The Dubois County, In. Sheriff's Office is warning citizens about the presence of a new synthetic drug called “gravel," a combination of meth, bath salts, and crack cocaine that is highly addictive, in the Indiana tri-state area.
According to police, gravel is shipped by normal means and can be disguised as plant fertilizer. They still don’t know how it got into Dubois County.
"We haven't seen it here, locally. That doesn't mean it's not here. It probably is here. We try to keep ahead of that and know what that is. Our main concern is making sure that we have laws in place to enforce it, once we do find it. Because this is a synthetic drug, we have to make sure the legislation is up on changing with the chemical compounds that are illegal, so we can enforce it, once we find it," says Karen Kajmowicz with Evansville Police.
Containing the chemical Alpha PVP, side effects of gravel include hallucinations, violent behavior, paranoia, suicide, and brain damage.
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Authorities in Tennessee also reported seeing the drug last year.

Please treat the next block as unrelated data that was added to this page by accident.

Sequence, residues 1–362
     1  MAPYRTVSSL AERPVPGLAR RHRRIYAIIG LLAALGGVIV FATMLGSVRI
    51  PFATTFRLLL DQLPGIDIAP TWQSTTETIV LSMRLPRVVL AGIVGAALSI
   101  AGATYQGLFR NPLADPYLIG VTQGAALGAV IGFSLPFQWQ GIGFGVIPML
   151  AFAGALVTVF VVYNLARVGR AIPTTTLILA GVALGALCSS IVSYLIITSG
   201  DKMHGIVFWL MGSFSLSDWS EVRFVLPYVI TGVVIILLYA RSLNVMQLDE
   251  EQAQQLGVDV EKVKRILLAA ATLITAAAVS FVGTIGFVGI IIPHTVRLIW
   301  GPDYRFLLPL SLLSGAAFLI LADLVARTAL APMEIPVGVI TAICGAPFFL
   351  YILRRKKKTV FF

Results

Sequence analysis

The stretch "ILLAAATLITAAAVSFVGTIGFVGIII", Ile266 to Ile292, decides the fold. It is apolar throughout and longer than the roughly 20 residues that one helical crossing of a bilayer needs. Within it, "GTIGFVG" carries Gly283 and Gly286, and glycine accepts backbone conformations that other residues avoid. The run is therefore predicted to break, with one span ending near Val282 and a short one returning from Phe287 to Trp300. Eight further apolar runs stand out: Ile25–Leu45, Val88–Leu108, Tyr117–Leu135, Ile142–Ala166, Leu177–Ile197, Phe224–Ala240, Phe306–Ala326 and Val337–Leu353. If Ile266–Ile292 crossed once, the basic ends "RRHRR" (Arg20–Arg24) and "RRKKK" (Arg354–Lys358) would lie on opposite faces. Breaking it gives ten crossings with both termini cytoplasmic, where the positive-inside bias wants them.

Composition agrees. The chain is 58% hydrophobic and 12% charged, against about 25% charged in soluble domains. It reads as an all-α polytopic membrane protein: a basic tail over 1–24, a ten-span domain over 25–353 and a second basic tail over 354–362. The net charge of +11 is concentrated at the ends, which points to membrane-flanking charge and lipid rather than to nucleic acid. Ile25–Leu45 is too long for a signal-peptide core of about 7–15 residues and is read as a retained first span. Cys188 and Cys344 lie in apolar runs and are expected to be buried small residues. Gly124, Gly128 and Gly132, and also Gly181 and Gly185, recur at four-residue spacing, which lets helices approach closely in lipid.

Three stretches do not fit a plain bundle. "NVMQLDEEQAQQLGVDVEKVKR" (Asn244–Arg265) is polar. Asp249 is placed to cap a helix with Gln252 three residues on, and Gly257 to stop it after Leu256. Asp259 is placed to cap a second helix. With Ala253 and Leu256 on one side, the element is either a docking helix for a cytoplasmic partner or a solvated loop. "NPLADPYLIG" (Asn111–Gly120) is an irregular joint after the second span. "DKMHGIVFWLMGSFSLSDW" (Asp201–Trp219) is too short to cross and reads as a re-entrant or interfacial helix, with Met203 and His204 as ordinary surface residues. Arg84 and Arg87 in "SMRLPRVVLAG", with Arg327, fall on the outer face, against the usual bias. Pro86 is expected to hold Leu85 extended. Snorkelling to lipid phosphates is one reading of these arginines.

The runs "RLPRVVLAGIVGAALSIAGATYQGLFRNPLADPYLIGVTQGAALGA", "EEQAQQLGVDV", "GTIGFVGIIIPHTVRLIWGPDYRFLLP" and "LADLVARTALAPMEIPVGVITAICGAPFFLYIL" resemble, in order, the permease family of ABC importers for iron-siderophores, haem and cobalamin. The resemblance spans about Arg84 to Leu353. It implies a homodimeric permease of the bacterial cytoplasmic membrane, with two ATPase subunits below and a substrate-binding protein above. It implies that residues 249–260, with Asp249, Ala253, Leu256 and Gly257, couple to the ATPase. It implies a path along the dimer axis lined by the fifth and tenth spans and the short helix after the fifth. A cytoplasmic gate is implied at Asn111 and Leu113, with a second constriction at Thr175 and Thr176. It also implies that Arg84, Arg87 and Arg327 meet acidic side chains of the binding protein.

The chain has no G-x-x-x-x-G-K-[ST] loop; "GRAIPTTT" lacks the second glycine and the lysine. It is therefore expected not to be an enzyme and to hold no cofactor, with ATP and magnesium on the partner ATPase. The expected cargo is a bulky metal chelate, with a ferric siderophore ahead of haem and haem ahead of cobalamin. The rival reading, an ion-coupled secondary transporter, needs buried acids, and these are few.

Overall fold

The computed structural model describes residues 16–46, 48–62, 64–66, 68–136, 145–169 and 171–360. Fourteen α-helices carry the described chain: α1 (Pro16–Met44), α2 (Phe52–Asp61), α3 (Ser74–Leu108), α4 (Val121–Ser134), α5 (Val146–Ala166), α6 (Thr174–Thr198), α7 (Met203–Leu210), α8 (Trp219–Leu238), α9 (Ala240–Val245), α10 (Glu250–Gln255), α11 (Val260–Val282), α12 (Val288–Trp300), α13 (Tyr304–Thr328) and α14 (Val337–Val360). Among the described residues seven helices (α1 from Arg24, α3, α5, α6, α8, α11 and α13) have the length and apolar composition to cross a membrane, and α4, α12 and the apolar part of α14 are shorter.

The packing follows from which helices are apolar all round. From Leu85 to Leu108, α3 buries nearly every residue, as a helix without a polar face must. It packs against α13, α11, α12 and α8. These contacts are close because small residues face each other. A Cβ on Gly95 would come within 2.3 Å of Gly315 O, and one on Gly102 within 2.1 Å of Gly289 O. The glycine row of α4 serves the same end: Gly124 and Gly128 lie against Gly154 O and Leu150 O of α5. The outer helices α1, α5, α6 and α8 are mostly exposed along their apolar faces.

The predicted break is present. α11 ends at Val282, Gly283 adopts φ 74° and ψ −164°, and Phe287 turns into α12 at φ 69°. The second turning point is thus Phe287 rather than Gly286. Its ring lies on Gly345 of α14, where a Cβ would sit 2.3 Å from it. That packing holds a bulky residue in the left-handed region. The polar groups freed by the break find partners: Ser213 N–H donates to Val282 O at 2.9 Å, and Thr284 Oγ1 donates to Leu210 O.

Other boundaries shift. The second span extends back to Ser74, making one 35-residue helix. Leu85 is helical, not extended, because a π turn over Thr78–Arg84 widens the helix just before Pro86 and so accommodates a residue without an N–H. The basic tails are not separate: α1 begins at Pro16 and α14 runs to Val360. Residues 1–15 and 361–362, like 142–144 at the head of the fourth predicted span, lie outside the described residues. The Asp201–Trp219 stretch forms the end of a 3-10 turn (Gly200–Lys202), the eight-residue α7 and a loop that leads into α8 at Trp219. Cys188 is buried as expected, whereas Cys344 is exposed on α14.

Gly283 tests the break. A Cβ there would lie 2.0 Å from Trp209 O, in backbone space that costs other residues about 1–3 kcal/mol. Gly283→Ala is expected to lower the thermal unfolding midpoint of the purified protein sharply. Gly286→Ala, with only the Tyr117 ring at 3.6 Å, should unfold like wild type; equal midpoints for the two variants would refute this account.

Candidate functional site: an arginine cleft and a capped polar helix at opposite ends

“We’re not seeing the crazy rages (like with bath salts), but the paranoia is the worst we’ve seen from any drugs,” said Kingsport Police Department Vice Detective Nathan Elliott. “And the effects on the body, (the user’s) appearance, those are the worst. We don’t know if they’ll have cancer in five years, or fall over dead.”
When the ER receives a patient suffering from the effects of a drug that they are unfamiliar with, the consequences are all the worse.
“The evolution of these drugs is providing a challenge for toxicology screens,” said Terrence Boos, a chemist in the DEA’s Drug and Chemical Evaluation Section. “When someone is presenting at an emergency department, they are presenting with an unknown drug in their system.”